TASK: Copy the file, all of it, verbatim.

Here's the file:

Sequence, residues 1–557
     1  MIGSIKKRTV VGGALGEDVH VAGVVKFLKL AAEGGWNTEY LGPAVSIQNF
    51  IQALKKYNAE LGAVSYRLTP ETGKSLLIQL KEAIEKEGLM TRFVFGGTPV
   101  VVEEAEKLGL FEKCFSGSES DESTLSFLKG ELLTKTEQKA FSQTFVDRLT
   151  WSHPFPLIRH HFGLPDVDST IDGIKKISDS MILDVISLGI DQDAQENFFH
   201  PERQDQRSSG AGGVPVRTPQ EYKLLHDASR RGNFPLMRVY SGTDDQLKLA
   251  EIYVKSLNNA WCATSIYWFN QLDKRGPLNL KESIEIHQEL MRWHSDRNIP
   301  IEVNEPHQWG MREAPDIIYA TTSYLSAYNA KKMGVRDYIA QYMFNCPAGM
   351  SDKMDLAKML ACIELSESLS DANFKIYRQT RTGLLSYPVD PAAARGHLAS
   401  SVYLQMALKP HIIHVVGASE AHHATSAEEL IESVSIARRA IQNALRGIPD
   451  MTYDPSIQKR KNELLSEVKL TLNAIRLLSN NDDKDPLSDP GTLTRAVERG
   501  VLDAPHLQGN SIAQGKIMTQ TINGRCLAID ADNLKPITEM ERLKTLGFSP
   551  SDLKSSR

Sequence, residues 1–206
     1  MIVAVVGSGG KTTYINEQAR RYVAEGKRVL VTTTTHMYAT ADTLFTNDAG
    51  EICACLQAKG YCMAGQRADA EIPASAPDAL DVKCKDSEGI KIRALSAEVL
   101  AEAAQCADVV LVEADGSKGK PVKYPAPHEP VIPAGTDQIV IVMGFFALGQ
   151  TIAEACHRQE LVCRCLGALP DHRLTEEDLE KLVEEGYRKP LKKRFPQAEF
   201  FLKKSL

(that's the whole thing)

Sequence, residues 1–557
     1  MIGSIKKRTV VGGALGEDVH VAGVVKFLKL AAEGGWNTEY LGPAVSIQNF
    51  IQALKKYNAE LGAVSYRLTP ETGKSLLIQL KEAIEKEGLM TRFVFGGTPV
   101  VVEEAEKLGL FEKCFSGSES DESTLSFLKG ELLTKTEQKA FSQTFVDRLT
   151  WSHPFPLIRH HFGLPDVDST IDGIKKISDS MILDVISLGI DQDAQENFFH
   201  PERQDQRSSG AGGVPVRTPQ EYKLLHDASR RGNFPLMRVY SGTDDQLKLA
   251  EIYVKSLNNA WCATSIYWFN QLDKRGPLNL KESIEIHQEL MRWHSDRNIP
   301  IEVNEPHQWG MREAPDIIYA TTSYLSAYNA KKMGVRDYIA QYMFNCPAGM
   351  SDKMDLAKML ACIELSESLS DANFKIYRQT RTGLLSYPVD PAAARGHLAS
   401  SVYLQMALKP HIIHVVGASE AHHATSAEEL IESVSIARRA IQNALRGIPD
   451  MTYDPSIQKR KNELLSEVKL TLNAIRLLSN NDDKDPLSDP GTLTRAVERG
   501  VLDAPHLQGN SIAQGKIMTQ TINGRCLAID ADNLKPITEM ERLKTLGFSP
   551  SDLKSSR

Sequence, residues 1–206
     1  MIVAVVGSGG KTTYINEQAR RYVAEGKRVL VTTTTHMYAT ADTLFTNDAG
    51  EICACLQAKG YCMAGQRADA EIPASAPDAL DVKCKDSEGI KIRALSAEVL
   101  AEAAQCADVV LVEADGSKGK PVKYPAPHEP VIPAGTDQIV IVMGFFALGQ
   151  TIAEACHRQE LVCRCLGALP DHRLTEEDLE KLVEEGYRKP LKKRFPQAEF
   201  FLKKSL